- Protection from Arbitrary Imprisonment
- The Right to Basic Necessities of Life
- Equality Before Law
This religious brotherhood and the uniformity of their rights and obligations is the foundation of equality in Islamic society, in which the rights and obligations of any person are neither greater nor lesser in any way than the rights and obligations of other people. As far as the non- Muslim citizens of the Islamic State are concerned, the rule of Islamic Shari'ah (law) about them has been very well expressed by the Caliph 'Ali in these words: 45"They have accepted our protection only because their lives may be like our lives and their properties like our properties" (Abu Dawud). In other words, their (of the dhimmis) lives and properties are as sacred as the lives and properties of the Muslims. Discrimination of people into different classes was one of the greatest crimes that, according to the Quran, Pharaoh used to indulge in: 46"He had divided his people into different classes," … "And he suppressed one group of them (at the cost of others)" (28:4).
- Rulers Not Above the Law
A woman belonging to a high and noble family was arrested in connection with a theft. The case was brought to the Prophet, and it was recommended that she may be spared the punishment of theft. The Prophet replied: "The nations that lived before you were destroyed by God because they punished the common men for their offences and let their dignitaries go unpunished for their crimes; I swear by Him (God) who holds my life in His hand that even if Fatimah, the daughter of Muhammad, has committed this crime then I would have amputated her hand." During the caliphate of 'Umar, Muhammad the son of 'Amr ibn al-'As the Governor of Egypt, whipped an Egyptian. The Egyptian went to Medina and lodged his complaint with the Righteous Caliph, who immediately summoned the Governor and his son to Medina. When they appeared before him in Medina, the Caliph handed a whip to the Egyptian complainant and asked him to whip the son of the Governor in his presence. After taking his revenge when the Egyptian was about to hand over the whip to 'Umar, he said to the Egyptian: "Give one stroke of the whip to the Honourable Governor as well. His son would certainly have not beaten you were it not for the false pride that he had in his father's high office." The plaintiff submitted: "The person who had beaten me, I have already avenged myself on him." 'Umar said: "By God, if you had beaten him (the Governor) I would not have checked you from doing so. You have spared him of your own free will." Then he ('Umar) angrily turned to 'Amr ibn al-'As and said: "O 'Amr, when did you start to enslave the people, though they were born free of their mothers?" When the Islamic State was flourishing in its pristine glory and splendour, the common people could equally lodge complaints against the caliph of the time in the court and the caliph had to appear before the qadi to answer the charges. And if the caliph had any complaint against any citizen, he could not use his administrative powers and authority to set the matter right, but had to refer the case to the court of law for proper adjudication.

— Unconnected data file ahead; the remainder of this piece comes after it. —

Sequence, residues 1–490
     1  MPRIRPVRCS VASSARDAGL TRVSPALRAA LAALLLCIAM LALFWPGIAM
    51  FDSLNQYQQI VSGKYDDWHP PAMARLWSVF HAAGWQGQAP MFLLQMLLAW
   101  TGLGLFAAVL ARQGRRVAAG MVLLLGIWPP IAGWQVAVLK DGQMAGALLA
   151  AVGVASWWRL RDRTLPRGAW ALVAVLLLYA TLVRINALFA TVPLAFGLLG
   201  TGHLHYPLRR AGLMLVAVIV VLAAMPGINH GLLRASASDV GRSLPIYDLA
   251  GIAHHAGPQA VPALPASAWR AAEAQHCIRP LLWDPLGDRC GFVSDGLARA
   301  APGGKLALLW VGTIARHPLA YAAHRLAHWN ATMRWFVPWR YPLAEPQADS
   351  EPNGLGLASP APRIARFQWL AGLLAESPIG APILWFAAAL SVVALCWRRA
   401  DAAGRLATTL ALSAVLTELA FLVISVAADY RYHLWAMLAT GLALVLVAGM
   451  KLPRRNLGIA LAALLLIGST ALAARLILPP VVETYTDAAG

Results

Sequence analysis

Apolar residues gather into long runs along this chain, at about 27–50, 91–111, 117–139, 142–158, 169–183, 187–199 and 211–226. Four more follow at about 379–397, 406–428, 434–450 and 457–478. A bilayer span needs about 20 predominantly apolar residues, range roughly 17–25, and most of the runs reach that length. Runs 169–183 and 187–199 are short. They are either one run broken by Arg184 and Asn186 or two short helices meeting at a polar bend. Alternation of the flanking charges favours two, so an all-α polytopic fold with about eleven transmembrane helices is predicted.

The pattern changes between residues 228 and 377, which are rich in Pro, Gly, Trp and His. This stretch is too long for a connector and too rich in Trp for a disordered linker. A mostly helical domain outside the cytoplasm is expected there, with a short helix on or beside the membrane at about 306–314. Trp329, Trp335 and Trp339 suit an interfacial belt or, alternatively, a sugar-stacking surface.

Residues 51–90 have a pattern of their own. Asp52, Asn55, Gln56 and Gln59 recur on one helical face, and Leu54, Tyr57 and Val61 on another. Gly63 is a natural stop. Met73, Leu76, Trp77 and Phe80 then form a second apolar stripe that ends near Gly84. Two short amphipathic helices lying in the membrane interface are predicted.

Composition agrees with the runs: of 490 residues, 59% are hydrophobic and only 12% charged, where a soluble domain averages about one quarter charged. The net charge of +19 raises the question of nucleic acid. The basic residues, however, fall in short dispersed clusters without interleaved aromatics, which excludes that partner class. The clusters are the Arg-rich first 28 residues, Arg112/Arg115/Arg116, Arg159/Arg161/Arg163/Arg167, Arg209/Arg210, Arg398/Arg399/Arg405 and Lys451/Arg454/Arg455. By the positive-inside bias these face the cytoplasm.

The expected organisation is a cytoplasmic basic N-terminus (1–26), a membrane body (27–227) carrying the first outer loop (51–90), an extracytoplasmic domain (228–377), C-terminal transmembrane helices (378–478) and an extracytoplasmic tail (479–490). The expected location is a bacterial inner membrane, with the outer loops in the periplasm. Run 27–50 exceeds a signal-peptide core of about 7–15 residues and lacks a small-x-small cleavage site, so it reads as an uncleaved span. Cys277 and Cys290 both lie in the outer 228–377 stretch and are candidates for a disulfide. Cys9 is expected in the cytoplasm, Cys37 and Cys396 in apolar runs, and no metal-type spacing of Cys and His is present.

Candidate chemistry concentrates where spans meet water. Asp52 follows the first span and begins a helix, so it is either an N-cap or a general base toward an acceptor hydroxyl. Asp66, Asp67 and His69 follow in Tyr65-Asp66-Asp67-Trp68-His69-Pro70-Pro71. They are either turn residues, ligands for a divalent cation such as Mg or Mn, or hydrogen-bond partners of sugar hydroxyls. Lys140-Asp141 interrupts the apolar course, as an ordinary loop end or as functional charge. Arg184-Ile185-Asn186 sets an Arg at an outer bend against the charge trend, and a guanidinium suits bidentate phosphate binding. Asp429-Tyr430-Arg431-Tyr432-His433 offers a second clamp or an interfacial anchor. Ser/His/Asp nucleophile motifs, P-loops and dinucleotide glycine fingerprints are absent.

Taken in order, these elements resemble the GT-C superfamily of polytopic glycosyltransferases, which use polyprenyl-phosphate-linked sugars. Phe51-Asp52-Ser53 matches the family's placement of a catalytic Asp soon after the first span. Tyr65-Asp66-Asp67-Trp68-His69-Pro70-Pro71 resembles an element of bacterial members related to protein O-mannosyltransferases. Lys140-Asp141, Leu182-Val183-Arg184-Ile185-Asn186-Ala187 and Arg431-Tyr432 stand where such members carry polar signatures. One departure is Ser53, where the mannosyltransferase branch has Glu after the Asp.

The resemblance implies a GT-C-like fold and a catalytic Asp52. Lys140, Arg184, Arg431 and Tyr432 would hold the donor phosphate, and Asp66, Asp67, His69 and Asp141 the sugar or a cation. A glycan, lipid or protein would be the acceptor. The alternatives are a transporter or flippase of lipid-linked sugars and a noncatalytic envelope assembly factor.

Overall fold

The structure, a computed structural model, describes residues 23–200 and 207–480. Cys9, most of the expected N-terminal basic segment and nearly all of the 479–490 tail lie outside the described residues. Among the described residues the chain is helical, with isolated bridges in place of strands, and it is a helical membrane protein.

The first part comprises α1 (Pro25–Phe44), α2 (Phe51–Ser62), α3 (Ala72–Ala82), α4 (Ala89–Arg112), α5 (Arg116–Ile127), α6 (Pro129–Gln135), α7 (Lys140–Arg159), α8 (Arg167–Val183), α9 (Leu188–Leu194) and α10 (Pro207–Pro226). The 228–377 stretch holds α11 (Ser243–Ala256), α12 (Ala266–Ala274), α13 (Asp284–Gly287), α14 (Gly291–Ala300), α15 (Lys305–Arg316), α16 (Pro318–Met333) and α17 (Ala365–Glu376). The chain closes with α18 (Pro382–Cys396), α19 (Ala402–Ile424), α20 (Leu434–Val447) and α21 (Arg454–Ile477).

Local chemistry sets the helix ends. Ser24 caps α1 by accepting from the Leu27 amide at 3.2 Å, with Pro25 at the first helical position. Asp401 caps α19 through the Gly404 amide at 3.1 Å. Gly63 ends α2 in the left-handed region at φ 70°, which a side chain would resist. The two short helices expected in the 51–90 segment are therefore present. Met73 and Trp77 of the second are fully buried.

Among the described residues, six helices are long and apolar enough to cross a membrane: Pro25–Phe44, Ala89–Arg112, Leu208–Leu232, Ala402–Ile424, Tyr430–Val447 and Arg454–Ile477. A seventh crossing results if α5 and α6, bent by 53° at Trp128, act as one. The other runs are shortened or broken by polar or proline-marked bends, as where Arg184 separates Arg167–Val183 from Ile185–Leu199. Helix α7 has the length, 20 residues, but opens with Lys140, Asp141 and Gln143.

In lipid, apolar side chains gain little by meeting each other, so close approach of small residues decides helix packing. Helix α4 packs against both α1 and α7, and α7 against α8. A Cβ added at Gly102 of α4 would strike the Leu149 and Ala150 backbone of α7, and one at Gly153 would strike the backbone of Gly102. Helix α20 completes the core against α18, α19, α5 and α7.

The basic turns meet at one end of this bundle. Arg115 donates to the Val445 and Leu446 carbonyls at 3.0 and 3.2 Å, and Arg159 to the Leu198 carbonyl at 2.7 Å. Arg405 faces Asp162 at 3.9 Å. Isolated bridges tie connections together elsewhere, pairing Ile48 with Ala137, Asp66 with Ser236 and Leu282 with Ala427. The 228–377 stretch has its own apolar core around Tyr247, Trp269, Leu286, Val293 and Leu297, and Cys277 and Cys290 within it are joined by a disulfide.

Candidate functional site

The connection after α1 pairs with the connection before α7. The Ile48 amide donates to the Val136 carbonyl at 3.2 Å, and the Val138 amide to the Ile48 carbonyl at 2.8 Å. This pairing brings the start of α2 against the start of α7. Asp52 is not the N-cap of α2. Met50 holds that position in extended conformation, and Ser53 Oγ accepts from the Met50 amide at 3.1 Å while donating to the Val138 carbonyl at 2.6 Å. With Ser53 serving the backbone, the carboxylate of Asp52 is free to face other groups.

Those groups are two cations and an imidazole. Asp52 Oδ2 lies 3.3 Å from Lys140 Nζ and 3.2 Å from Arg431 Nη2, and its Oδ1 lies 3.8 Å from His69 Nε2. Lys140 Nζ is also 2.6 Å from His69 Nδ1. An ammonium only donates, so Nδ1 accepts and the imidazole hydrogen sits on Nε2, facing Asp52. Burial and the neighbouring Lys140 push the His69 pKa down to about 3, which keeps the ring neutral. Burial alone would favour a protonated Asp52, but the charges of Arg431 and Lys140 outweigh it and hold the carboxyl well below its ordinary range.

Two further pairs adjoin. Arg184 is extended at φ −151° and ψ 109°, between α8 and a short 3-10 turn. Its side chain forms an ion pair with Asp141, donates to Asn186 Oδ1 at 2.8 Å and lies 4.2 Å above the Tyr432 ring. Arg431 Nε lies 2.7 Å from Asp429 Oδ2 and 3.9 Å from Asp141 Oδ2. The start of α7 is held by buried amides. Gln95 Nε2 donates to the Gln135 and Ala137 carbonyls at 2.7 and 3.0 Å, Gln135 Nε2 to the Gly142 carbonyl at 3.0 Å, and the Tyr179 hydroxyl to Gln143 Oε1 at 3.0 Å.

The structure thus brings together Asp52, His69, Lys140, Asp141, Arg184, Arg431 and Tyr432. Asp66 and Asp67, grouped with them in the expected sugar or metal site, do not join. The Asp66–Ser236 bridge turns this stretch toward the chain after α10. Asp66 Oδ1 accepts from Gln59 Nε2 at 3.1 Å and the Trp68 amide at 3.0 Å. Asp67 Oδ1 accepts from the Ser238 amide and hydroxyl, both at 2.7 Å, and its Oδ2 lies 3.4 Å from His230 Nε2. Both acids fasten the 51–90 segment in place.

- The Right to Avoid Sin
- The Right to Participate in the Affairs of State
(1) The executive head of the government and the members of the assembly should be elected by free and independent choice of the people.
(2) The people and their representatives should have the right to criticize and freely express their opinions.
(3) The real conditions of the country should be brought before the people without suppressing any fact so that they may be able to form their opinion about whether the government is working properly or not.